More people are using Twitter and Facebook to contact businesses instead of dialing the 1-800 customer service number, but companies are slow to respond on social media, leaving concerns unanswered and even deleting questions, according to a study released Monday.

The findings, released by Redwood City-based LiveOps, which sells cloud-based customer service technology, and marketing research firm Harris Interactive underscore what many consumers already know -- customer service can be lackluster on social network sites. More than half of companies don't respond to questions posted on Facebook and Twitter, the study said, even though social networks are quickly becoming one of the most popular ways to connect with businesses.

"You're destroying your brand by not responding," said Natalie Petouhoff, a business consultant and lecturer at the UCLA Anderson School of Management, who conducted research for the study. "Companies are going to wonder where they went wrong and went down the drain."

The study, paid for by LiveOps, surveyed 1,255 consumers age 18 and older and researched customer service centers at retail, financial and telecommunications companies and other businesses over four months.

About 70 percent of complaints on Twitter and Facebook are ignored, according to LiveOps' findings. Most customers wait more than two days for a response on Facebook, when an appropriate waiting period is less than an hour, researchers said. More than one-third of retailers have erased a customer's question from their Facebook page, according to the research.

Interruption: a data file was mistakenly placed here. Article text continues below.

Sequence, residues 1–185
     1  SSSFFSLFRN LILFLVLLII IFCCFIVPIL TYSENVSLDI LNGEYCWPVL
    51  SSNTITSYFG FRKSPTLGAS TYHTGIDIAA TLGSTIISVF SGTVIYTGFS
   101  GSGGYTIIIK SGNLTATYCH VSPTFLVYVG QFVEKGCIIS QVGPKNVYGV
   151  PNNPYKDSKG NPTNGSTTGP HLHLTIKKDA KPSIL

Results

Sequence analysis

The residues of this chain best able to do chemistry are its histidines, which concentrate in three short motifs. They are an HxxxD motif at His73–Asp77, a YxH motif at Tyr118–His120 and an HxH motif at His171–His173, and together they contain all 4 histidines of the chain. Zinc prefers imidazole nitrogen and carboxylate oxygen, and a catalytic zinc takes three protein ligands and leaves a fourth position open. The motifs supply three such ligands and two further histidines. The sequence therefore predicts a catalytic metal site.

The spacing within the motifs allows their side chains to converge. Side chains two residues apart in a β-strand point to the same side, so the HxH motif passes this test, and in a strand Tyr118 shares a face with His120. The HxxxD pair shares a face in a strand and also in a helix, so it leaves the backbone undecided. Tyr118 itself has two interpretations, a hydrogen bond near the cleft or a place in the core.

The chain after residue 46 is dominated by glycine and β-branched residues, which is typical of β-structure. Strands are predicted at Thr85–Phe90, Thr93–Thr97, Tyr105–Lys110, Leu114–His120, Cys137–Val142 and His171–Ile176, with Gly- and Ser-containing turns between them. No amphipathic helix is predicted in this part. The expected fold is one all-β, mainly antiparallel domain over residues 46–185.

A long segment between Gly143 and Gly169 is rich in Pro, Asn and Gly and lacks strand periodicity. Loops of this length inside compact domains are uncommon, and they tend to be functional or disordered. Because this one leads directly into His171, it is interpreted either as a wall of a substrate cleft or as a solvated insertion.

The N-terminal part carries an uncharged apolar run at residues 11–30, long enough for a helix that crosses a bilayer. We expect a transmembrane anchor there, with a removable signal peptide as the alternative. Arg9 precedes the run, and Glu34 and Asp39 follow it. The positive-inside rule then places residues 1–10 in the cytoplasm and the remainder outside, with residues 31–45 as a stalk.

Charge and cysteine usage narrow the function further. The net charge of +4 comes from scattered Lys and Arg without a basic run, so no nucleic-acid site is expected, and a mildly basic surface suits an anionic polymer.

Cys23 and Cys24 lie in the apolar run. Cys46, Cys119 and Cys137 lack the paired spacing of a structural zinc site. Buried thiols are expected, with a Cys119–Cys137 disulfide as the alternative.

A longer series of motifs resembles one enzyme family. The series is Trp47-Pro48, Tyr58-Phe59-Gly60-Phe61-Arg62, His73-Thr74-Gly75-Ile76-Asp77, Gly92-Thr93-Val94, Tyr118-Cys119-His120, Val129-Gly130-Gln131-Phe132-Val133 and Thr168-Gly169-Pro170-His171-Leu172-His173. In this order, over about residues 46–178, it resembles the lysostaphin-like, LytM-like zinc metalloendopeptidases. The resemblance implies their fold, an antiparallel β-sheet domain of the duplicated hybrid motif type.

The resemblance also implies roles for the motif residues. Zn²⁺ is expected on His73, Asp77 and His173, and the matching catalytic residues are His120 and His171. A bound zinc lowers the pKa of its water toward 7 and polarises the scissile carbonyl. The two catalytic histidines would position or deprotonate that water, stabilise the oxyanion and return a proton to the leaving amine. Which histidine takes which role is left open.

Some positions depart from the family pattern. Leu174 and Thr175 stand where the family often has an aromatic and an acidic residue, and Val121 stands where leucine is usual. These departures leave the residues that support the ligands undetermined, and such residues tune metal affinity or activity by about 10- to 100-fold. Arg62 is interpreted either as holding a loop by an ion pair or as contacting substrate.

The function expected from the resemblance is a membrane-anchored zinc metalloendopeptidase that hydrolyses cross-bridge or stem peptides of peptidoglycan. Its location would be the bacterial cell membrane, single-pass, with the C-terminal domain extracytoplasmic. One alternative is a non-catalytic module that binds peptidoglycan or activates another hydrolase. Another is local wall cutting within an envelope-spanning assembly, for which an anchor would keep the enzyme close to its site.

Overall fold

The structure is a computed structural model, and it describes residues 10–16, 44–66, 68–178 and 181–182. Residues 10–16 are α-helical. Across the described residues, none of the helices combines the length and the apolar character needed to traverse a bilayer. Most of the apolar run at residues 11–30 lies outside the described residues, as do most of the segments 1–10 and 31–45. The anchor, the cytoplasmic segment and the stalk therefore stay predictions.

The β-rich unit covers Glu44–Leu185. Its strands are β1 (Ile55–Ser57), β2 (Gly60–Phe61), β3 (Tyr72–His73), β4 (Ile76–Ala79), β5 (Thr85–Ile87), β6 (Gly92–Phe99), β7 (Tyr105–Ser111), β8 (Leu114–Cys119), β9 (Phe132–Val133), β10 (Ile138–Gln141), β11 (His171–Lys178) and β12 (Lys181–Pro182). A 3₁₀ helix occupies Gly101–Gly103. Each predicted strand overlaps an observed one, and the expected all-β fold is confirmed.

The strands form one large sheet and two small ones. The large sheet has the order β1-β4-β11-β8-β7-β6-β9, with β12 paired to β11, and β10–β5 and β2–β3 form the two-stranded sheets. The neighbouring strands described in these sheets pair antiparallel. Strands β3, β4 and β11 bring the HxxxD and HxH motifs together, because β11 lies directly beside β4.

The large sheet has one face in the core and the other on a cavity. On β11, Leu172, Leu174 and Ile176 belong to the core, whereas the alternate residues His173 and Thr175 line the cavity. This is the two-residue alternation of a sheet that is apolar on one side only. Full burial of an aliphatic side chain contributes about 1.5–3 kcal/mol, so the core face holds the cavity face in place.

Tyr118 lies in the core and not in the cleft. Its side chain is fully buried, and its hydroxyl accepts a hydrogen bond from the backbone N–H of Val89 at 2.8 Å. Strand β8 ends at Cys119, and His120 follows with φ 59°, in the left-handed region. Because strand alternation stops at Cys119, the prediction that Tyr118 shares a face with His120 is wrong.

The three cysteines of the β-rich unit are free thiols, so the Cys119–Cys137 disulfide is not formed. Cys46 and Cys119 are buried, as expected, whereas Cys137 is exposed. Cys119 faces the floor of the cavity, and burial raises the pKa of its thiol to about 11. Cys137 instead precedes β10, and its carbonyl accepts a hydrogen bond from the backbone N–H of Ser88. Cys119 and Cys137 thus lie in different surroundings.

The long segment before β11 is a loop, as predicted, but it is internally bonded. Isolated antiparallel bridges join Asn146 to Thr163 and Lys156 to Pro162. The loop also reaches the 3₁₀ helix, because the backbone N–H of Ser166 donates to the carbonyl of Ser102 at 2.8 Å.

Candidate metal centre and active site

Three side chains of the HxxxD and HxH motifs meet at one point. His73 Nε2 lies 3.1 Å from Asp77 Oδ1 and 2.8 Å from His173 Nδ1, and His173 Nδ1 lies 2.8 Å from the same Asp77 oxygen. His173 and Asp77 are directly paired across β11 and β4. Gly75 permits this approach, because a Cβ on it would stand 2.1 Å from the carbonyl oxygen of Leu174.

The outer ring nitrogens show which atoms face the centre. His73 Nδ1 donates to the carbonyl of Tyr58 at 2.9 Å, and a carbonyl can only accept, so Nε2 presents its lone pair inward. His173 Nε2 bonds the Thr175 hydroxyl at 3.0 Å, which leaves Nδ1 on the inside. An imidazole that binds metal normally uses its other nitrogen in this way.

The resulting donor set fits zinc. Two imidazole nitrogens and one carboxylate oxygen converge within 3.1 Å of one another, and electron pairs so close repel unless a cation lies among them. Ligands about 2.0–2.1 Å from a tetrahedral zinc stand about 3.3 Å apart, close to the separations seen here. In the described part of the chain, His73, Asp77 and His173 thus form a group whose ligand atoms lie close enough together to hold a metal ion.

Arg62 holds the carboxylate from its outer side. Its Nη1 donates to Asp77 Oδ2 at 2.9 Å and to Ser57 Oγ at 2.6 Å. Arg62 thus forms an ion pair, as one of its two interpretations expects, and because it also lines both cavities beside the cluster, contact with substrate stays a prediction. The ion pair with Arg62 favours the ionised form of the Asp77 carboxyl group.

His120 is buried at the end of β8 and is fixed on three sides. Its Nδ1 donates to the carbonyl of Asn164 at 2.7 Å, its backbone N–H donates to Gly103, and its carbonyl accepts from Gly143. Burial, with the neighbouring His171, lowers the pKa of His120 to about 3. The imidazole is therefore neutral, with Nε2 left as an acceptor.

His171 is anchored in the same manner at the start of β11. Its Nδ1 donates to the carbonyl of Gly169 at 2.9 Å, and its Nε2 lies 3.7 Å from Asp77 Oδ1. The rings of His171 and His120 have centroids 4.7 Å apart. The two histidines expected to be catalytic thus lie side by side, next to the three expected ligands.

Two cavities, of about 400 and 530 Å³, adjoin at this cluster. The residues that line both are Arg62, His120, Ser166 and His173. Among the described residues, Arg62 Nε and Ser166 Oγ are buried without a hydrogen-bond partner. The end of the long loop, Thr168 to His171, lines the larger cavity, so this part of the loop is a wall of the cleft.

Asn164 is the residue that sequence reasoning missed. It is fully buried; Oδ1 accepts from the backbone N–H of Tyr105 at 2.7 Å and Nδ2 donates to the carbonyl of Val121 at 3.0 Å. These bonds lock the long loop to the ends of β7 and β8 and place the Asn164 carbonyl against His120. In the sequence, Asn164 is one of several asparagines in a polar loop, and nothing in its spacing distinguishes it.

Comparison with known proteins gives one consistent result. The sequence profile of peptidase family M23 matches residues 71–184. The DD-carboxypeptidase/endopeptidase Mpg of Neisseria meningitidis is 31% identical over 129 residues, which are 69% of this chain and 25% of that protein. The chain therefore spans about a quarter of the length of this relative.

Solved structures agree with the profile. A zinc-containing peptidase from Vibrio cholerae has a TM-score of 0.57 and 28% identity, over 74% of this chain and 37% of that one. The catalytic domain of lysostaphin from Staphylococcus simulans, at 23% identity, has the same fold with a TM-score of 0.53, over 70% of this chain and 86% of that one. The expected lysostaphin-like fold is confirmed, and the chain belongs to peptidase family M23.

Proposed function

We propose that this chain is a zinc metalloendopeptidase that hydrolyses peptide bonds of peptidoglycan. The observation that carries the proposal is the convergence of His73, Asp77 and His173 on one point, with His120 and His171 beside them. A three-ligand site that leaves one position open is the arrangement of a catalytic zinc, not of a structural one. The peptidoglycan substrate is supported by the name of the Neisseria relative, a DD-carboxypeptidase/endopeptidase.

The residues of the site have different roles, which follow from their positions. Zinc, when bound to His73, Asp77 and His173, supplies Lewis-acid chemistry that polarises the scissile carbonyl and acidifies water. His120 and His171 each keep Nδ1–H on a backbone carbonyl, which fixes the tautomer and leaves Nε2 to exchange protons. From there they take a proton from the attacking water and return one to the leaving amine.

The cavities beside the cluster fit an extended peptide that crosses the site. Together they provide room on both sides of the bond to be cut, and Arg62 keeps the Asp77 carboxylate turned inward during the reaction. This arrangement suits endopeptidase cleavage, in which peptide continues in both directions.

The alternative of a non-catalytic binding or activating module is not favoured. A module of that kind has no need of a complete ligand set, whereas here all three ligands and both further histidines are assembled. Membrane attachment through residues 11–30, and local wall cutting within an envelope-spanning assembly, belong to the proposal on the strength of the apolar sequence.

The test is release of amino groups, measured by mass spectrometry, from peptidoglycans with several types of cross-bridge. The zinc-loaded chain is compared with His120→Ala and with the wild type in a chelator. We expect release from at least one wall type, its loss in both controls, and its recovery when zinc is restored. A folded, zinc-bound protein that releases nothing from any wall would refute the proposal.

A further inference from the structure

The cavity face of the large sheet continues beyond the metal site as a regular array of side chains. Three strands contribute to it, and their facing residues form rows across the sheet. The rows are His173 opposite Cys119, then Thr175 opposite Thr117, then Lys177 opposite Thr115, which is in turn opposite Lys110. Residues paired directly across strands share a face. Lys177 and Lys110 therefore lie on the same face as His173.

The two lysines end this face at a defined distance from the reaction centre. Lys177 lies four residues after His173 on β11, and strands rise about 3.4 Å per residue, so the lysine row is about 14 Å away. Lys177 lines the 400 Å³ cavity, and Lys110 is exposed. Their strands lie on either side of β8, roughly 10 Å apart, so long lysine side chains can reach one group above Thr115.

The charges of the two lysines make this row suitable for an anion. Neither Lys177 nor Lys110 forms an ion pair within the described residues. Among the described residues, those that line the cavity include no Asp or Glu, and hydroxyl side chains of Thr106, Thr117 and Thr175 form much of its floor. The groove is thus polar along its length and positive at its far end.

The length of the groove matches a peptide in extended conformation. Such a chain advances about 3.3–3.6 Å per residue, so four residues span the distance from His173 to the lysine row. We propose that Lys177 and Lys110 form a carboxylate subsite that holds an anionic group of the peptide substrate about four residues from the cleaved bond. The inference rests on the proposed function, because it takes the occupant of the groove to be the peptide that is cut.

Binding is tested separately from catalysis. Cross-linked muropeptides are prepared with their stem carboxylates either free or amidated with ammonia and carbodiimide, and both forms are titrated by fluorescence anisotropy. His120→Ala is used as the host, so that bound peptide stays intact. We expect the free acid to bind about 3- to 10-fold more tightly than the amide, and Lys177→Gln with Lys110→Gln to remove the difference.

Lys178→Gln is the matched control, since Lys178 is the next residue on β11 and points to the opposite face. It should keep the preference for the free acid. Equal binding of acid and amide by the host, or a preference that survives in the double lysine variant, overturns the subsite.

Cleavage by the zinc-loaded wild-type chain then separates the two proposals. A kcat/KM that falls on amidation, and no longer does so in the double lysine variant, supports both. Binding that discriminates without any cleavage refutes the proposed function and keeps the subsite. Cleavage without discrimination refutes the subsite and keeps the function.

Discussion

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"They stick their head in the sand and they think if they're not looking it's not happening," Petouhoff said.

Most companies want to provide good customer service, experts say, but many don't have the technology to address customer complaints on multiple channels. For instance, some copy and paste tweets into a complaint database rather than replying on Twitter. Other companies restrict social media sites for advertising only, and even today, some are "still waiting to see if this (social media) phenomenon thing is real," said Marty Beard, president and chief executive of LiveOps.

But while they wait, businesses could be losing out. Customers are likely to spend about 30 percent more money with retailers that interact on social media Petouhoff said. And social media can do a lot of damage -- and good -- to a company's reputation, because comments spread in seconds to huge populations of customers. United Airlines took a beating in 2009 when a passenger's YouTube video about how his guitar was broken during a flight went viral. In 2011, Los Gatos-based Netflix (NFLX) suffered a strong backlash when consumers, outraged by plans for a price hike, took to social networks to protest.

"They were not prepared at all on the social side," Beard said. "They were not handling it."

Some companies have figured out how to keep customers happy on social networks. Nordstrom, for instance, was quick to address one customer's complaint on Facebook recently that a clothing model looked too skinny.

"You're better off getting in front of the fire than being on the back end of it," said Marshal Cohen, consumer behavior and retail expert with The NPD Group. "To do nothing you just allow yourself to be blasted."

Contact Heather Somerville at 925-977-8418. Follow her at Twitter.com/heathersomervil.